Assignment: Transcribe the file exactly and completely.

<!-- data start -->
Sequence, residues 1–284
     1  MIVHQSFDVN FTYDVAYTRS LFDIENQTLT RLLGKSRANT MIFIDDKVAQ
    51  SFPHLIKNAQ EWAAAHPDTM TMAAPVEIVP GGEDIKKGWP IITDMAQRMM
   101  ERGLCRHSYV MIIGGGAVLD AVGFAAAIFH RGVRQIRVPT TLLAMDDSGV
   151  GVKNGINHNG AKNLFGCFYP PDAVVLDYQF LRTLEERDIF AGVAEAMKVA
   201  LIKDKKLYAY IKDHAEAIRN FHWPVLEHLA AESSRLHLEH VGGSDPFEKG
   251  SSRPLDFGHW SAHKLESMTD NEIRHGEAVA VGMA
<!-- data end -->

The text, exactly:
Sequence, residues 1–284
     1  MIVHQSFDVN FTYDVAYTRS LFDIENQTLT RLLGKSRANT MIFIDDKVAQ
    51  SFPHLIKNAQ EWAAAHPDTM TMAAPVEIVP GGEDIKKGWP IITDMAQRMM
   101  ERGLCRHSYV MIIGGGAVLD AVGFAAAIFH RGVRQIRVPT TLLAMDDSGV
   151  GVKNGINHNG AKNLFGCFYP PDAVVLDYQF LRTLEERDIF AGVAEAMKVA
   201  LIKDKKLYAY IKDHAEAIRN FHWPVLEHLA AESSRLHLEH VGGSDPFEKG
   251  SSRPLDFGHW SAHKLESMTD NEIRHGEAVA VGMA